The savvy writer should be aware that an important aspect to the cost of production is the procedure of clearing the script to ready the project for production. This isn’t a process of making sure the script is short enough to pass through a doorway. These are the legal and business reviews necessary to make sure that there aren’t any potential issues that could stymy or halt a production or cost it dearly by treading upon a third party’s rights. Clearance is the general term for this necessary evil and it covers a lot of different, niggling problems. We’ll cover the main ones.
Clearing the Conscience
The music department intends clearance to mean getting the rights for the musical compositions and sound recordings as well as any associated appearance rights straight and paid for prior to release of the film for every media and territory of distribution.
The legal department will go through the script for clearance of any and all references to actual persons or products to make sure that they are used in a proper manner and that any waivers or compensation is handled long before it becomes an issue.
There is also the issue of prior rights as in the usage of licensed elements which technically should be reviewed to make sure the production hasn’t overstepped the authority they’ve been granted by the rights holder.
Though not always thought of as a clearance issue there are the aspects that prop and set departments need to address when a specific venue, location, prop or article is referenced in the script. Making sure these selections are properly represented as dictated by the script require a verification step that might be quite intricate. E.g. what particular shade of green does Starbucks use in their logos and trade dress?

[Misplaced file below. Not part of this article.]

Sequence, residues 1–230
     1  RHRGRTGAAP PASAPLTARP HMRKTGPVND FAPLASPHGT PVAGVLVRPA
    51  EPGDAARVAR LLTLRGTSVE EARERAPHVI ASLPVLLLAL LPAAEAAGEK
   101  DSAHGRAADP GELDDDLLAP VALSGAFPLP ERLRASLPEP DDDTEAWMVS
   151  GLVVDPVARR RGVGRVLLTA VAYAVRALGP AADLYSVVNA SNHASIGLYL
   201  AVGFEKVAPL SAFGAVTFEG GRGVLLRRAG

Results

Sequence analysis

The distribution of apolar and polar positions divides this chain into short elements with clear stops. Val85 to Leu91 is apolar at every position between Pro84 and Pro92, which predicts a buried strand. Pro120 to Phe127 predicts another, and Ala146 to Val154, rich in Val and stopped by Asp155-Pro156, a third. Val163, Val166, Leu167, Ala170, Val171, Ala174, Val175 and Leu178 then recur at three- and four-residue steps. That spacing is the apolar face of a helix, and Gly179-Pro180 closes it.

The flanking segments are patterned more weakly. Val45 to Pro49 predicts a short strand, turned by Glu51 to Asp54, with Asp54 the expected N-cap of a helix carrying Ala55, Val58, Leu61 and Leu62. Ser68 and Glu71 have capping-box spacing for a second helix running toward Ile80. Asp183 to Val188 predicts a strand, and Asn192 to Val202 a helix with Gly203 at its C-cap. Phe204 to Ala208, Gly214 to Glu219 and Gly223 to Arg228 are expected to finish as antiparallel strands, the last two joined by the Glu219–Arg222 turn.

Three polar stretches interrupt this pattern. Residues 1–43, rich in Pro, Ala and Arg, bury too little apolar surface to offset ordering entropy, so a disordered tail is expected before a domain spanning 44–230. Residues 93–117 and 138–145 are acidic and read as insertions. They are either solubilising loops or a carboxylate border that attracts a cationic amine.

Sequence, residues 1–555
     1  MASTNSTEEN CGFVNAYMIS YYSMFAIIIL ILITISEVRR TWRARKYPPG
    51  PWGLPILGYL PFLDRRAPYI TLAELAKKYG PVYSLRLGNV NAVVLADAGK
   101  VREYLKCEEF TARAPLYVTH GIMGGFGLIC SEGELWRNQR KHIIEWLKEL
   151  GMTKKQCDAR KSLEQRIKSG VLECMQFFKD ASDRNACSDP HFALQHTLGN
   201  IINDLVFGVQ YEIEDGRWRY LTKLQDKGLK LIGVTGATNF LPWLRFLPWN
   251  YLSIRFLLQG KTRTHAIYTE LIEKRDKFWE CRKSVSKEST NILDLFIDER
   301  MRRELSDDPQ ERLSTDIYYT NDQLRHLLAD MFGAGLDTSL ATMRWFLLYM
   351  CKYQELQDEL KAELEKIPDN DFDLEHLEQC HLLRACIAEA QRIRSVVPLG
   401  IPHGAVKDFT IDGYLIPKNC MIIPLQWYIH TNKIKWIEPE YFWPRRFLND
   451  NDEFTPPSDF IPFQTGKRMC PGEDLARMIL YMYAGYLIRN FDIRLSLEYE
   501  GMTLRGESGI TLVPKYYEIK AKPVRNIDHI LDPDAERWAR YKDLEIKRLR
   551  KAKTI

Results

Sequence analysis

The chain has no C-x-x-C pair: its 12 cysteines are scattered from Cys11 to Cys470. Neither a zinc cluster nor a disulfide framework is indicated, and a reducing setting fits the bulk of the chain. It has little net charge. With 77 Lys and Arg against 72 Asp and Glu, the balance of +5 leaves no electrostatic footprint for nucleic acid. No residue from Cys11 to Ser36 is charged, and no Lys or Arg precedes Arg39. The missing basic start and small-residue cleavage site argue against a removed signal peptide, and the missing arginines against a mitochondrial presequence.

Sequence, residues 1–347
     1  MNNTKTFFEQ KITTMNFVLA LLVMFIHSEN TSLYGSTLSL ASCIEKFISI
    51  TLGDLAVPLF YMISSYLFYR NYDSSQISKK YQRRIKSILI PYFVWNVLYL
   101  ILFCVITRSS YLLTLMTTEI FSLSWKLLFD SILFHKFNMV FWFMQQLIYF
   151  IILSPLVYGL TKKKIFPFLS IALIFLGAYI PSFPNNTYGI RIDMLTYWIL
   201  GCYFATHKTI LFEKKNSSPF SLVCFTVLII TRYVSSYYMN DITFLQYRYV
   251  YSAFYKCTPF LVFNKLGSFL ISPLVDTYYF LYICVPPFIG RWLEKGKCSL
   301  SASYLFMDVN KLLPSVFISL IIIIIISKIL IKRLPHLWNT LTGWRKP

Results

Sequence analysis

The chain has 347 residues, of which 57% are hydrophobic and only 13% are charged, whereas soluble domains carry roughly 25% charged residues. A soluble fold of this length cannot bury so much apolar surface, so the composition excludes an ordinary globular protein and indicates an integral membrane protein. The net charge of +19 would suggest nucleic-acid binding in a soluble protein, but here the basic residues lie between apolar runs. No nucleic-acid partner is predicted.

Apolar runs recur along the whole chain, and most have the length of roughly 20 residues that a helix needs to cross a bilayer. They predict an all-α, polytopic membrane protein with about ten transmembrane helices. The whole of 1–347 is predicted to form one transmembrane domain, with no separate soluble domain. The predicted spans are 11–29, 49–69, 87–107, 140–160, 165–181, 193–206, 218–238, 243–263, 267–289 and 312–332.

Speaking of Starbucks, there is the whole issue of using trademarked products within a production. Do you need permissions? Can you use it if you don’t bring attention to it? Can you never use actual product merchandise at all? And even if you avoid all logos and identifying marks, if your set is a spitting image of a recognizable commercial establishment you might have to worry about infringing a protection called trade dress. (Face it, we’ve all woken up from a bender in a restaurant at 3am and before we every see a logo we know for a fact that our friends have carried us into a Taco Bell. It’s just got that look. That’s happened to everyone, right?)
Coke Cans, Beer Bottles and Earthmovers
Turns out, these last questions are much more complicated than they first appear. Some productions go way overboard in making sure they infringe no one by blurring in post every potential logo or trademark that happens to pass in front of the lens. This might be a solution for reality television where the time crunch and lack of a storyline allow for such measures, but, what if you don’t have the budget for that much post production? Is it strictly necessary?
Some productions take a replacement approach. If you look carefully, the LAPD vehicles you see on TV and in the movies aren’t representative of the real-life police graphics. Since the L.A. officials are very protective of their image, they are highly restrictive about use of their trademarked logos. There’s an entire Hollywood industry that creates realistic seeming, but completely made up logos for any product you need to put on screen. From police cars with a variation on the “protect and serve” slogan of the cops to brands of cereal and beer that no one has every consumed, all camera ready and stored in a warehouse.
But there are other protections as well. If you are using name brand products in the express manner in which they are marketed and intended then legally there is not much a trademark holder can complain about. The key is to use the product exactly like it is supposed to be used. If a group of friends buy a few bottles of Coke and the logos are seen while they are drinking them, there shouldn’t be an issue. Now, of course how it is used is a subjective issue and every case should be evaluated for likelihood of raising concerns. If you make it a plot point that the villain always drinks an ice cold Dr. Pepper after every heinous killing, the association might be hard to ignore. Even if the production would win the lawsuit in the end you might consider finding a less controversial affectation for your villain.